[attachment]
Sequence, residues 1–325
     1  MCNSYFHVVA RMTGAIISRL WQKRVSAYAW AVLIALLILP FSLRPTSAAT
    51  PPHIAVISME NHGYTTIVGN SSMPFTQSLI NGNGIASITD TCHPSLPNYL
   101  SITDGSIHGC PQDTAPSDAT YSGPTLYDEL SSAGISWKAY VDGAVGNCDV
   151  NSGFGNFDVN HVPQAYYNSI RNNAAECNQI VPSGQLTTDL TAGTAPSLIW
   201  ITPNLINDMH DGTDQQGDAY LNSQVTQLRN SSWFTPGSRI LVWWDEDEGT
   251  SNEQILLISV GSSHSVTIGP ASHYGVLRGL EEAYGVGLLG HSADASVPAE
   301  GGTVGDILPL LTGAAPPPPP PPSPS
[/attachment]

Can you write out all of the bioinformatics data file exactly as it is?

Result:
Sequence, residues 1–325
     1  MCNSYFHVVA RMTGAIISRL WQKRVSAYAW AVLIALLILP FSLRPTSAAT
    51  PPHIAVISME NHGYTTIVGN SSMPFTQSLI NGNGIASITD TCHPSLPNYL
   101  SITDGSIHGC PQDTAPSDAT YSGPTLYDEL SSAGISWKAY VDGAVGNCDV
   151  NSGFGNFDVN HVPQAYYNSI RNNAAECNQI VPSGQLTTDL TAGTAPSLIW
   201  ITPNLINDMH DGTDQQGDAY LNSQVTQLRN SSWFTPGSRI LVWWDEDEGT
   251  SNEQILLISV GSSHSVTIGP ASHYGVLRGL EEAYGVGLLG HSADASVPAE
   301  GGTVGDILPL LTGAAPPPPP PPSPS